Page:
A CPAP machine is a tool designed to help people with sleep apnea get better quality sleep. When everything is working properly, they are extremely beneficial. Unfortunately, as with all other forms of technology, things can sometimes go wrong.
One issue we hear a lot about is that the CPAP mask leaks. Often, the complaints sound like:
- “I’m losing air pressure.”
- “Strange noises are coming from my mask.”
- “My sleep is being disrupted.”
- “I feel stuffed up when I wake up in the morning.”
If you have similar complaints, your CPAP mask likely leaks. Read on to learn about the top five reasons your CPAP mask leaks, and what you can do about it.
- The pressure is too high. When you first receive your CPAP machine the doctor or therapist most likely helped you to set the pressure settings based on the results of your sleep study. There may come a time, however, that these settings will need adjusting. You can talk to your doctor about changing it. There is also a chance that if you use a CPAP with a ramp feature that gradually increases the pressure that it has been set too high.
- You toss and turn in your sleep. If you move around too much in your sleep it can cause your CPAP mask to shift or become loose which breaks the seal and causes a leak. This can usually be taken care of by simply tightening the straps. If you are someone who tosses and turns at night you may also want to consider purchasing a mask specially designed for active sleepers.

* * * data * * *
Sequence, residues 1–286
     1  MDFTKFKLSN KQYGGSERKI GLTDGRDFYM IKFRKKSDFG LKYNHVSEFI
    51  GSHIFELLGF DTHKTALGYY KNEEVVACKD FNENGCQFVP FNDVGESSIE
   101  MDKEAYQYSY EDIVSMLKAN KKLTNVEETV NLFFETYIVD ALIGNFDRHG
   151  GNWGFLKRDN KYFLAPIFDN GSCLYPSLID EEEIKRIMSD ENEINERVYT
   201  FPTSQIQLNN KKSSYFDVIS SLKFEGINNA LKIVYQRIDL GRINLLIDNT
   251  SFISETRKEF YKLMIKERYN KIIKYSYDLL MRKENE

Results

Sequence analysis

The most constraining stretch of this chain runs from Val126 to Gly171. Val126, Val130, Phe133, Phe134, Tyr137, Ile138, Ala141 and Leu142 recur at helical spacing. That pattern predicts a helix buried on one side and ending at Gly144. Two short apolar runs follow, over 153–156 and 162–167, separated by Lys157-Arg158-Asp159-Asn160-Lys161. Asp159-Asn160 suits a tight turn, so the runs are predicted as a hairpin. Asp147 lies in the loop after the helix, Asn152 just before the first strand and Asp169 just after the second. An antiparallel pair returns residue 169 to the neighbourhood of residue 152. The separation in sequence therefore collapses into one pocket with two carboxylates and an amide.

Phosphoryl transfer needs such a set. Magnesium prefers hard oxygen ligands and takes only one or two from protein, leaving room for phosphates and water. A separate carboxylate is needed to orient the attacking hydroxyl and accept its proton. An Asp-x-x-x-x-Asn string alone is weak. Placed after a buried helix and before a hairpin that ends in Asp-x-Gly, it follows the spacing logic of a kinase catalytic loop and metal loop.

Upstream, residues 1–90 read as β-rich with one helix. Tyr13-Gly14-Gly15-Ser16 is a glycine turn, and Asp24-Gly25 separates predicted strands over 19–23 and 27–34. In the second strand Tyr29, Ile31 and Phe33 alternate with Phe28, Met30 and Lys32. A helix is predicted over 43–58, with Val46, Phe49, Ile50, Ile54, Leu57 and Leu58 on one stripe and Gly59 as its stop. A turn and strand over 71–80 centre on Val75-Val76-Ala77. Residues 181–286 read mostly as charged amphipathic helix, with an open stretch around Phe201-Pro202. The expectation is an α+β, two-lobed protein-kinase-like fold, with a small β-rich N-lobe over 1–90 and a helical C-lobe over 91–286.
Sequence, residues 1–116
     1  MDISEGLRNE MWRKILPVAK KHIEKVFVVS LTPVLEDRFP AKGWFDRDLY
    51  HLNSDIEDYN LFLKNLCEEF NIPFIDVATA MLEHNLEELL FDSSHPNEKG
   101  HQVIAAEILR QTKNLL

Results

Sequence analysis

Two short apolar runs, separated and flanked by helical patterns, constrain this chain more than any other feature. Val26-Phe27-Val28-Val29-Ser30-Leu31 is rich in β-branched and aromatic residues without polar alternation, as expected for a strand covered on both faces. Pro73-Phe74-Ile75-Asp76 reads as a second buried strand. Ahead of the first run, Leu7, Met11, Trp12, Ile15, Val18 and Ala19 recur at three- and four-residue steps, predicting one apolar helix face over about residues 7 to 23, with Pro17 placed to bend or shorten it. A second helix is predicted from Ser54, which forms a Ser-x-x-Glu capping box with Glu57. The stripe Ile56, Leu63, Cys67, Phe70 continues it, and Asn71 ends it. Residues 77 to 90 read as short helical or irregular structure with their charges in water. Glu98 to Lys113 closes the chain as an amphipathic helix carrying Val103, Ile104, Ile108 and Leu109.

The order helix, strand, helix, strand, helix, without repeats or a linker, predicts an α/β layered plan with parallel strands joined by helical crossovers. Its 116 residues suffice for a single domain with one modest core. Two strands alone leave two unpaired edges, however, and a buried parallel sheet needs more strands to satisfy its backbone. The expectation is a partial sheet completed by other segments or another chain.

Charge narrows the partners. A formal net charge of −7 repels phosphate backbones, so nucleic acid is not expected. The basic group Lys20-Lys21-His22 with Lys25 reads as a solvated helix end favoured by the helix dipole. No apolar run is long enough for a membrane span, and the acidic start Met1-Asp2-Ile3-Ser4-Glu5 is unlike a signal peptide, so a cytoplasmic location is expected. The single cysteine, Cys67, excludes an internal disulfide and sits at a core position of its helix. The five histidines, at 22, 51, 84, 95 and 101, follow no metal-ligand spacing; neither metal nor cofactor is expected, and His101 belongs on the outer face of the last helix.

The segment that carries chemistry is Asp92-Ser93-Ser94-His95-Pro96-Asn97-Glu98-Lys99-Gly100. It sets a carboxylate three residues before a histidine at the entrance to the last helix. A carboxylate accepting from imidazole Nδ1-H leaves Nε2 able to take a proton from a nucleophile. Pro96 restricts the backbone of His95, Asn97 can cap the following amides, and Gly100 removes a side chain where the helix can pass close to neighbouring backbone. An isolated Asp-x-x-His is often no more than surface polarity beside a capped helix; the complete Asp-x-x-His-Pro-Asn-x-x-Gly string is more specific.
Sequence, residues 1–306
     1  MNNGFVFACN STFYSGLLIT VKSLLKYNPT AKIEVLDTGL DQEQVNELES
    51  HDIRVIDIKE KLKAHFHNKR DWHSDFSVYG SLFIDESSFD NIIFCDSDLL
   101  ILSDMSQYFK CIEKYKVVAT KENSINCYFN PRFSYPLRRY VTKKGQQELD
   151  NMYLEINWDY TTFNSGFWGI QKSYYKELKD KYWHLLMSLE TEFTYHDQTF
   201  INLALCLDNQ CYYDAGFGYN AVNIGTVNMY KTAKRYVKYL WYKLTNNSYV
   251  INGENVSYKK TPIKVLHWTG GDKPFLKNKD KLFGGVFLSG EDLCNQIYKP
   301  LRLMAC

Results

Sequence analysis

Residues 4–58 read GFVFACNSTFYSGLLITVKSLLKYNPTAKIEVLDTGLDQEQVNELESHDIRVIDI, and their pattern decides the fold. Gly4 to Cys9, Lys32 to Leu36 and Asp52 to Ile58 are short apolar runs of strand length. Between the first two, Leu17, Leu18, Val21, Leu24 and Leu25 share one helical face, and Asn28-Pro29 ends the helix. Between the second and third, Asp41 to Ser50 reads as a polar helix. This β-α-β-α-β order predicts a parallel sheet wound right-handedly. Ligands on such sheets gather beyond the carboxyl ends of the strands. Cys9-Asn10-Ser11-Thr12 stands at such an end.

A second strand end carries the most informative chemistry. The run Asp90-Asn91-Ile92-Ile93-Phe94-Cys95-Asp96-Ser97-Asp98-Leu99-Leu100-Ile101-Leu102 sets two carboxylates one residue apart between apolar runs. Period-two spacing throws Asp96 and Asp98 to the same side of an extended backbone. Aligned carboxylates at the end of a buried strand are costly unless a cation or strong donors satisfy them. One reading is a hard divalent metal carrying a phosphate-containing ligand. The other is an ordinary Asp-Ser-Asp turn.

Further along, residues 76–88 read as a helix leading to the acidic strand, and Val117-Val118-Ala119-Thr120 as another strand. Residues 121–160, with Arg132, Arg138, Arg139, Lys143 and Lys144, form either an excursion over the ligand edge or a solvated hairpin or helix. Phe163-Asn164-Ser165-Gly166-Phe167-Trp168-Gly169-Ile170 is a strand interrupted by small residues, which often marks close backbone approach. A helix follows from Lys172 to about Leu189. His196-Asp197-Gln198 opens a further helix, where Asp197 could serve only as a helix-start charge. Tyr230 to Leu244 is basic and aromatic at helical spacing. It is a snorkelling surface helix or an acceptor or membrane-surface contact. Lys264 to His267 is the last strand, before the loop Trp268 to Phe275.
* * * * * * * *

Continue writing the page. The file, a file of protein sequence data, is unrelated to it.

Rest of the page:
- Your mask is dirty. If dirt and oil build up on your CPAP mask it can lose the seal. You should clean the mask daily by wiping it down with a damp washcloth or a wipe designed to clean CPAP masks. Once a week you should deep clean the mask with soapy water. Also, keep in mind that over the day sweat, oil, dirt, makeup, accumulates on your face and can cause your mask to slip. So, make sure you wash your face before you wear your mask.
- The way you sleep. The position in which you sleep can alter how your CPAP mask fits your face. If you are a person who tends to breathe with your mouth open at night, then a nasal mask is not going to work well for you, and you should instead use a full-face mask. If you sleep on your side, a nasal mask would work better for you.
- Your mask is old. Eventually, the seal on your CPAP mask will wear out and cause a leak. It’s normal to have to change your mask at around every three months or so. If it’s time for you to change out your mask you can browse the options we have available here.
If you feel like you still have a mask leak after trying the above suggestions or have any other concerns about your CPAP machine, we are here to help. Visit us at Valley Sleep Therapy or call us at (480) 361-0124